Rep. Ortiz: Wavering and Playing Hard to Get


Two days before the expected House vote on health care reform, it’s proving tough to budge wavering Democrats off the fence. Rep. Solomon Ortiz (D-Tex.) says he’s “still undecided.” Ortiz voted for the House’s health care bill last year, but he said couldn’t take a leap of faith that the Senate would pass the changes he wants. (The strategy is for the House to pass the Senate bill and then for the Senate to approve a separate package of fixes sought by House Dems.) And even a deal on abortion might not be enough to bring the anti-choice Texas Democrat on board. 

“We don’t know what they’re going to do, if they’re going to include some of the things that we passed here [in the House],” Ortiz tells Mother Jones. “I’m undecided until I see the product.”

The fate of the health care bill rests on the votes of wavering House Democrats like Ortiz. But when asked what further assurances he needed to sign onto the bill, he seemed to set up a straw man by blaming the upper house. “Most of the members are waiting to see what’s coming from the Senate,” he says. “Some of the changes we want to be sure about are pre-existing conditions, are they going to care about young children, up to age 26—there’s a lot of stuff like that.”

But these items—preventing discrimination by insurance companies against people with pre-existing conditions, and expanding coverage for young people under their parents’ plans—are already in the Senate bill. And the reconciliation package would only strengthen the latter provision. So why is Ortiz holding out? It’s most likely because of his staunch anti-abortion stance. Though he has largely remained mum on the issue, last year Ortiz signed onto the letter by Rep. Bart Stupak (D-Mich.) demanding changes to the House version of the health care bill last year that would restrict access to abortion. In the final stretch, vote counters suspect Ortiz is a member of Stupak’s anti-abortion bloc—the group of Democrats who claim (wrongly) that the legislation will allow federally funded abortions. (Ortiz’s press secretary did not respond to a request for clarification.)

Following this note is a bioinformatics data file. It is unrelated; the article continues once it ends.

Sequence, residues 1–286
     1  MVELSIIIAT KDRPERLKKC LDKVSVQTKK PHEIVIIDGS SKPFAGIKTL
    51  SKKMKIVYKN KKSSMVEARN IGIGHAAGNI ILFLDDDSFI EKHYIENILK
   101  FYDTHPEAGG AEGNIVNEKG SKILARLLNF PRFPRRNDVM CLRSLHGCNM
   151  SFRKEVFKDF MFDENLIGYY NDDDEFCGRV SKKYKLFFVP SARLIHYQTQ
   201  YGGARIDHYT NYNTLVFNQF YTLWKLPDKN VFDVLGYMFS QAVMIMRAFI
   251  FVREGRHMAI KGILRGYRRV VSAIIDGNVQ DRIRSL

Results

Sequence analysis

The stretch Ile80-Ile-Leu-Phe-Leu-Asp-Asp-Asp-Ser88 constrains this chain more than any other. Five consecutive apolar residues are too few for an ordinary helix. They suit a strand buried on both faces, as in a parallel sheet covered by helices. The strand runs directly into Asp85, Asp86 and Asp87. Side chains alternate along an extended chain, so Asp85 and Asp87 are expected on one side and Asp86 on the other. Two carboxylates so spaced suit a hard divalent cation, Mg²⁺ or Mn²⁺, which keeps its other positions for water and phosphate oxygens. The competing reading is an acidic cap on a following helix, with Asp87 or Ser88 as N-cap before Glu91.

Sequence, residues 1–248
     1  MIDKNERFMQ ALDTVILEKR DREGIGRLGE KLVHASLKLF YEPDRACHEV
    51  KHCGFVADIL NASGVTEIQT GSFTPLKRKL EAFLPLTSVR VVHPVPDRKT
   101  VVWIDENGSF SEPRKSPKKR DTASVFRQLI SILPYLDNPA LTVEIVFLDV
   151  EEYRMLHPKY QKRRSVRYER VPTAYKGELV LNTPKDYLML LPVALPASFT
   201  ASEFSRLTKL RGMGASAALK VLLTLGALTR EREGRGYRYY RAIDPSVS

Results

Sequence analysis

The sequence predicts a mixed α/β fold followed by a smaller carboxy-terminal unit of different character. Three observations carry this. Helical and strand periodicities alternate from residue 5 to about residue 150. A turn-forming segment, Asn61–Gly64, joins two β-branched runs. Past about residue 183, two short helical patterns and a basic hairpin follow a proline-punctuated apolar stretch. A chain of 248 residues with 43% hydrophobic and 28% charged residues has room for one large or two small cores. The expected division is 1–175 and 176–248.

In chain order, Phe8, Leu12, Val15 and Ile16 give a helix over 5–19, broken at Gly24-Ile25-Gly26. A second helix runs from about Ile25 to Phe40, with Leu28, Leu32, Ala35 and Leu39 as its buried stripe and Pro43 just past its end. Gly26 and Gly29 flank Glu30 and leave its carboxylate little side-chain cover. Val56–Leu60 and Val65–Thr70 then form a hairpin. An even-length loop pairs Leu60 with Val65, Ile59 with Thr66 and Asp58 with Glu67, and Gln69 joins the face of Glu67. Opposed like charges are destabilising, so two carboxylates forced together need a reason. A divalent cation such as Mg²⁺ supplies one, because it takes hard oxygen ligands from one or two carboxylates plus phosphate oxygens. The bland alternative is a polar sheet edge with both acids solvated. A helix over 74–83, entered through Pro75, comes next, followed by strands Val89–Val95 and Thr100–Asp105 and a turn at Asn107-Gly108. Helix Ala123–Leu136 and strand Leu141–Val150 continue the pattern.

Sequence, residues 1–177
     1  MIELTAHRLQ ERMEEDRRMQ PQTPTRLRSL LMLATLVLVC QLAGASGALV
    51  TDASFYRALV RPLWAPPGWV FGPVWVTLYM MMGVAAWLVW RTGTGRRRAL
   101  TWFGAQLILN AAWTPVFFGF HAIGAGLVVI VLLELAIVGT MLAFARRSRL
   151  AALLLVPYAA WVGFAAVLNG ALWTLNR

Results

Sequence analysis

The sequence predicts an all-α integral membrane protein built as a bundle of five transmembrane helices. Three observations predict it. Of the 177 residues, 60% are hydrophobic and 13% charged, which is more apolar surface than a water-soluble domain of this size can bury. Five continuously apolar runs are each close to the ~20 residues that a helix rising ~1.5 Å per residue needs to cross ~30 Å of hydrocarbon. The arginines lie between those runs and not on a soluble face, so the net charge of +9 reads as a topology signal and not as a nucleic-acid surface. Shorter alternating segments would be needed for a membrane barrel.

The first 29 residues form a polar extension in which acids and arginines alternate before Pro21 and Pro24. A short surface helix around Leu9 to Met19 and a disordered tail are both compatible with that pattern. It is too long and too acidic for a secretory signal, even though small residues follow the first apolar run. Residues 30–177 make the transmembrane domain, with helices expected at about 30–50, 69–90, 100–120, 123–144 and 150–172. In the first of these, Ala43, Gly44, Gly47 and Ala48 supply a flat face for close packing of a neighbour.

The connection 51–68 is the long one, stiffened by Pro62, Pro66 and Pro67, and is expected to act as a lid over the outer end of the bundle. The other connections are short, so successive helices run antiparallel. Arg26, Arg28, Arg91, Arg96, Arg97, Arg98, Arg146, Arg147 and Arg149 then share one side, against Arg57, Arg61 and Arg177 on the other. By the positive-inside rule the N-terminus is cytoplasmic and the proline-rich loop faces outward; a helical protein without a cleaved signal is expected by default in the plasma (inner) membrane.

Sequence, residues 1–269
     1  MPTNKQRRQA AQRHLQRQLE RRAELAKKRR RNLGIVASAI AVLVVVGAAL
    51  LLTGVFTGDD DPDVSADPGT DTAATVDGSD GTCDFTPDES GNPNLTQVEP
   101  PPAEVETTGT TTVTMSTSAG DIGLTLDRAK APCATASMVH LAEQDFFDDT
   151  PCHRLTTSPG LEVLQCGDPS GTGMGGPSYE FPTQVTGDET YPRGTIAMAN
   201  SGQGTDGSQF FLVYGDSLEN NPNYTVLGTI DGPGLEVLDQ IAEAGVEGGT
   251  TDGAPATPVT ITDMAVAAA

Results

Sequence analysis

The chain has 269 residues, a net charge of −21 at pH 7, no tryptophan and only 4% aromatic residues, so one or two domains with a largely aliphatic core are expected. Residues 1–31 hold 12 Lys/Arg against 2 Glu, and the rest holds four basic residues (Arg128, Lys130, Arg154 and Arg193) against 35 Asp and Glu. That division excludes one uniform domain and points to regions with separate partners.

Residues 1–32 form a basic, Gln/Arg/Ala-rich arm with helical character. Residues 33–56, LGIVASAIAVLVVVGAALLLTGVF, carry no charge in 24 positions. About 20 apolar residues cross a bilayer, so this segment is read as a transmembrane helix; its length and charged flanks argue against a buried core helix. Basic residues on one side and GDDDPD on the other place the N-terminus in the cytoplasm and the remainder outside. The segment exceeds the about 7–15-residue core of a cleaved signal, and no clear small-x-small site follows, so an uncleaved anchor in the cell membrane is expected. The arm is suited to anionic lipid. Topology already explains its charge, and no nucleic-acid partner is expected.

There are reports that Stupak and his gang may agree to a compromise that would compel the congressional Democratic leadership to pass a separate bill that will tighten restrictions on abortion coverage. Will Ortiz have faith in this non-binding commitment? He says he doesn’t even trust the Senate to pass the amended health-care bill via a reconciliation vote—a relatively safe assumption, given that such a vote needs only 51 Democrats. “We have sent to the Senate already 265 bills that they have never acted on—are they going to act on this one?” he says. And if he won’t trust the Senate to pass the amended health care reform package, it’s questionable whether he’d count on the Democratic leaders’ promise to pass an even more controversial provision restricting abortion coverage.

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